Monitoring heparin therapy in patients treated with ECMO can be challenging because of concomitant diseases (such as systemic inflammatory disease and sepsis) and because ECMO per se21 variably activates coagulation. Moreover, individual response to heparin can be hardly predicted because of nonspecific binding to acute-phase reactant proteins, platelets, and activated endothelial cells.22,23 Previous studies have demonstrated that the correlation between heparin dose and aPTT during ECMO is poorer in patients with respiratory failure (venovenous ECMO) compared with those with cardiac insufficiency (venoarterial ECMO) and in those treated with hemofiltration.19,24
One possible solution to this problem may be to use a multifactorial approach, which incorporates diverse assays such as aPTT, ACT, antifactor Xa, or any other relevant laboratory coagulation parameter.12,25 One other solution is to rely on a global coagulation assay (such as TEG) to evaluate, with just one test, all the different phases of hemostasis.26 Thromboelastography can also be performed using heparinase to reverse the effect of heparin.27
When we compared non–flat line to flat-line TEG paired samples, we observed the following: (1) that TEG parameters after the addition of heparinase were impaired in the flat-line group suggesting a lower tendency to form a clot even after reversal of heparinization; (2) that PT was increased in both groups especially in the non–flat-line group; however, we were unable to distinguish whether this was because of a consumption of coagulation factors by ECMO, as previously reported,28 or to the peculiar individual abnormalities (critically ill patients)29; (3) that higher amounts of heparin and AT were given to patients with a flat-line TEG, IV. That hemostatic parameters such as platelets and fibrinogen and ECMO settings such as pump RPM/ECMO blood flow that could relate with shear stress forces and development of an acquired von Willebrand disease30,31 did not predict flat-line TEG.
In our study, the correlation between the three heparin monitoring methods (aPTT, ACT, and TEG) was equally poor/moderate, similar to what already described.16,32,33 However, R time without heparinase was the only parameter that was (weakly) positively correlated with both heparin dose and AT activity. Given the high prevalence of flat-line TEG samples, less heparin would have been used if anticoagulation had been guided by R time without heparinase with a target below 90 min. Shinoda et al.34 suggested that, in patients treated with dialysis, anticoagulation guided by TEG (to keep R time without heparinase above 20 min) is associated with minimal dialyzer clotting despite smaller infusion of heparin compared with anticoagulation guided by aPTT.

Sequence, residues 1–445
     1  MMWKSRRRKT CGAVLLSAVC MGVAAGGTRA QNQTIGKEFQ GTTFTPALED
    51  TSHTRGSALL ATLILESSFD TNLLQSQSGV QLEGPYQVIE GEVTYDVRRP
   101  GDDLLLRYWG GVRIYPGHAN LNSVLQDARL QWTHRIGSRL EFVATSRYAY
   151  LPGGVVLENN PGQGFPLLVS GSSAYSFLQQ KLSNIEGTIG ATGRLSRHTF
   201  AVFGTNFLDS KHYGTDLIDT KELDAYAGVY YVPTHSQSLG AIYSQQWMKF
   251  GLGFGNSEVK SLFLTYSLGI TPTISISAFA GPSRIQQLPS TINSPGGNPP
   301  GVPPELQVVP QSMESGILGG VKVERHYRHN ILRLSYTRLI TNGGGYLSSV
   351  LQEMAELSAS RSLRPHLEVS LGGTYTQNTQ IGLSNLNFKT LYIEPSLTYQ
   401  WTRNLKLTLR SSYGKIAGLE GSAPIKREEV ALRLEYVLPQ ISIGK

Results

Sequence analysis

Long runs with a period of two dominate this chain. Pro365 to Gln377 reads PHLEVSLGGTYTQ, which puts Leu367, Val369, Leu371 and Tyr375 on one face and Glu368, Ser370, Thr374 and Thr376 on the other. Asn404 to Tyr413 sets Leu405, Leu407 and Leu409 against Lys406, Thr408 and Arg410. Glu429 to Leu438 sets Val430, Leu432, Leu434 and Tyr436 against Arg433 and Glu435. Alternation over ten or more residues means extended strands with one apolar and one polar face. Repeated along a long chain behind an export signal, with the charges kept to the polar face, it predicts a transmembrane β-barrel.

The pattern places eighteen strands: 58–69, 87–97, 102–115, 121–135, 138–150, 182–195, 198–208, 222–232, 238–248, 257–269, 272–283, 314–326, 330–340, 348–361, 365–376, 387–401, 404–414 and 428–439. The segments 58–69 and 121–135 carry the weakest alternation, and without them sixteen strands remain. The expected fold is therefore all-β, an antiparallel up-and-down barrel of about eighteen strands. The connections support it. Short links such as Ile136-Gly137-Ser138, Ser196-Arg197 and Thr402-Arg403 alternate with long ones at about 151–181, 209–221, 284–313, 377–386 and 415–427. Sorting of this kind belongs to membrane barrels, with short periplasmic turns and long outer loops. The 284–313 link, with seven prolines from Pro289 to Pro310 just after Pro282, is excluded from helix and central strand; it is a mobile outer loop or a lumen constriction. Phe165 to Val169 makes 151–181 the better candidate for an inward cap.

We cannot draw any definite conclusion about predictors of bleeding during ECMO. Logistic regression analysis of variables recorded up to 2 days before the bleeding episode did not produce any strongly significant result. Even so, aPTT and heparin dosage showed a positive trend, as if high level of anticoagulation have had a role in the pathogenesis of bleeding during ECMO. The higher the aPTT ratio 2 days before (a result that became significant after adjusting for duration of ECMO, p = 0.03 OR, 2.63; 95% CI, 1.10–6.30) and the higher the heparin dosage on that exact day (p = 0.06), the higher the risk for bleeding.
Our study has some limitations; first, the limited sample size. Second, heparin dosage was not standardized but left to the discretion of the treating physician. Third, we did not measure antifactor Xa activity that may be used to guide heparin use35 as it apparently correlates with heparin dose better than ACT or aPTT at least in pediatric patients33 and is associated with less thrombotic circuit/oxygenator complications during ECMO.36 However, in a pilot study, recently published by our group aimed to assess hemostatic changes during ECMO, global coagulation tests were not correlated with antifactor Xa activity.37
Based on the results of this study, a prospective randomized trial evaluating safety and feasibility of anticoagulation monitoring with R time without heparinase compared with aPTT (ClinicalTrials.gov Identifier: NCT02271126) is currently ongoing.
Targeting the aPTT 1.5–2 times, the control value for heparin titration during ECMO resulted in an elevated number of flat-line TEG (no generation of a fibrin clot within 90 min, ex vivo). Although we did not find a clear association between heparin dosage and hemorrhage, a high level of anticoagulation remains a reasonable risk factor for bleeding during ECMO. Thromboelastography may represent a valid alternative for adjusting heparin infusion; however, more evidence is required to evaluate whether this corresponds to a safer anticoagulation strategy during ECMO.